Emma grew up with her family in the grounds of the scenic Gladesville Psychiatric Hospital, established in 1838, on the Parramatta River in Sydney, Australia. Inspired by her mothers work there as a psychiatrist, Emma pursued a career in Psychology with a keen interest in the treatment of psychological trauma. During her Masters degree in Forensic Psychology she worked with a number of individuals within prison settings, most of whom had experienced serious trauma (often in their childhood) and were suffering from anxiety or depression, and substance misuse. It was at this time when Emma recognised an ever-growing need for psychological treatments to address both mental health and substance use disorders in an integrated fashion.

Emma completed her PhD at the National Drug and Alcohol Research Centre, University of New South Wales. Combining her clinical and research skills, she worked on a world-first randomised controlled trial of an integrated treatment for adults with post traumatic stress disorder (PTSD) and substance use disorder. During her PhD candidature, Emma recognised the alarmingly high rates of childhood trauma among individuals with PTSD and substance use disorder and that these comorbid (i.e. co-occurring) disorders tended to develop during adolescence. These individuals, however, did not receive any treatment until much later in life, if at all. By adulthood the disorders and related harms were well established and it was clear that the chronic disability associated with the conditions may be reduced with effective early intervention. With a view to pursuing research in this area, Emma sought to improve her knowledge and skills in adolescent mental health at the NHMRC Centre of Research Excellence in Mental Health and Substance. She was successful in obtaining a competitive Postdoctoral Research Fellowship at the Centre and her passion for research into mental health and substance use comorbidity has continued to thrive.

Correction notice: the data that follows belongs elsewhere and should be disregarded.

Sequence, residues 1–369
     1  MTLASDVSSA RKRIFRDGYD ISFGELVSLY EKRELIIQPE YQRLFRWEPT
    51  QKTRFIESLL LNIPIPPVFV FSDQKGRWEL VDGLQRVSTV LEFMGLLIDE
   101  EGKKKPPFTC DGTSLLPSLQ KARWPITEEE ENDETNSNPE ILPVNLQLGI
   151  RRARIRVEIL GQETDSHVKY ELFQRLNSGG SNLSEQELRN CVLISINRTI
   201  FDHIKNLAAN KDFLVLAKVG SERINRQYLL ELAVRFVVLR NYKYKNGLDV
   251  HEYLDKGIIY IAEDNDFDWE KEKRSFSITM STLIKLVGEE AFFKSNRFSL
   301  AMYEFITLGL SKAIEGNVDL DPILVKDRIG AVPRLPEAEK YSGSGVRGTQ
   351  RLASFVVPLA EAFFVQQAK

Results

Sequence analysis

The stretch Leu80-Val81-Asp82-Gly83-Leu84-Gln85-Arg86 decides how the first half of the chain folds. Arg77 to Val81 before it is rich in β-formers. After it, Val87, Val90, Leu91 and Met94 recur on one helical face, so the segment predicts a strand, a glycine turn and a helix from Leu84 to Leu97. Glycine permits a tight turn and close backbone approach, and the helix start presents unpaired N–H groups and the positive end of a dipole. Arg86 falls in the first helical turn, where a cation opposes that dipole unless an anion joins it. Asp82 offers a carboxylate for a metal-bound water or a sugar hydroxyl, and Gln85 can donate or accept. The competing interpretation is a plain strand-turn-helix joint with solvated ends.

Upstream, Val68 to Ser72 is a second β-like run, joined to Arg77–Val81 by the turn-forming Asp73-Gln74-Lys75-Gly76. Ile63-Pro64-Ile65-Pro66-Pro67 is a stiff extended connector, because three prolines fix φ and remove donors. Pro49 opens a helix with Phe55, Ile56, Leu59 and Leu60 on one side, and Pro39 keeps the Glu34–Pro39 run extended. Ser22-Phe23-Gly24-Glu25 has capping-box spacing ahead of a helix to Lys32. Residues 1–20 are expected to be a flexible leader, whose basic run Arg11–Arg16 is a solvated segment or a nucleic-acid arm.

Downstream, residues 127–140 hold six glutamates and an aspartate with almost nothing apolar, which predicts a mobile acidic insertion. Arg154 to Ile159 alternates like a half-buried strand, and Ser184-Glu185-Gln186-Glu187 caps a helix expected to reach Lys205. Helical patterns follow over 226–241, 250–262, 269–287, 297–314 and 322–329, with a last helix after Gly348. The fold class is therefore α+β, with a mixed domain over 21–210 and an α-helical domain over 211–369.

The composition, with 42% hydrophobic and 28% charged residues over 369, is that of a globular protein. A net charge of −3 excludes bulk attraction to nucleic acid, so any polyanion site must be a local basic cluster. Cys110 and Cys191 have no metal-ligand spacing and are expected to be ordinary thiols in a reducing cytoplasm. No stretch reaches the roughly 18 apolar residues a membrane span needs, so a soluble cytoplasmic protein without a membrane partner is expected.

To date, Emma’s research has contributed significantly to improving the understanding of comorbid PTSD and substance use and the related harms. She has published articles in leading peer-reviewed journals and her research has received national and international recognition at over 60 major scientific conferences. Most notably, in 2014 she was awarded the College of Problems on Drug Dependence (CPDD) Early Career Travel Award to present her research on mental health and substance use outcomes associated with child trauma at the CPDD Annual Meeting in Puerto Rico. In recognition of the quality and significance of her research, Emma has received a total of 15 travel grants and awards for scientific excellence. Emma is delighted to be awarded the Fulbright Scholarship as it will provide her with an unparalleled opportunity to work closely with leading comorbidity experts in the US to increase her knowledge and clinical skills, and to improve treatment options for individuals exposed to trauma.

During her time on a Fulbright Scholarship at the Medical University of South Carolina, Emma aims to develop and test an integrated psychological treatment for co-occurring traumatic stress and substance use among adolescents. She will work closely with international experts in this area to share knowledge, advance clinical research and foster strong, long-lasting research collaborations. Given the severe and chronic mental health consequences associated with trauma, research on the development of effective, theory-driven treatments for adolescents is of paramount public health importance. Upon her return to Australia, Emma will share her experiences and new knowledge, maintain the cross-national collaborations, and will strive to become a recognised leader in comorbidity research.

Dr Sean Martin Postdoctoral Scholars

Sean Martin
Home InstitutionFreemason Foundation Centre for Men’s Heath, University of Adelaide
Host InstitutionNew England Research Institutes
Award NameFulbright Postdoctoral Scholarship
DisciplineEpidemiology
Award Year2018

Sean is a National Health and Medical Research (NHMRC) Early Career Research Fellow, based in the Freemason Foundation Centre for Men’s Heath at the University of Adelaide. Sean’s current research interests centre on urological epidemiology, specifically how urological symptoms relate to other chronic diseases.

For his Fulbright Scholarship, Sean will be examining in detail the socio-cultural & demographic influences on the high level of urological dysfunction seen in disadvantaged urban communities, a noted public health concern in both the USA and Australia. This work will be based out of the New England Research Institutes (Boston), world-renowned for their work in health disparities, in association with local collaborators at Harvard and Massachusetts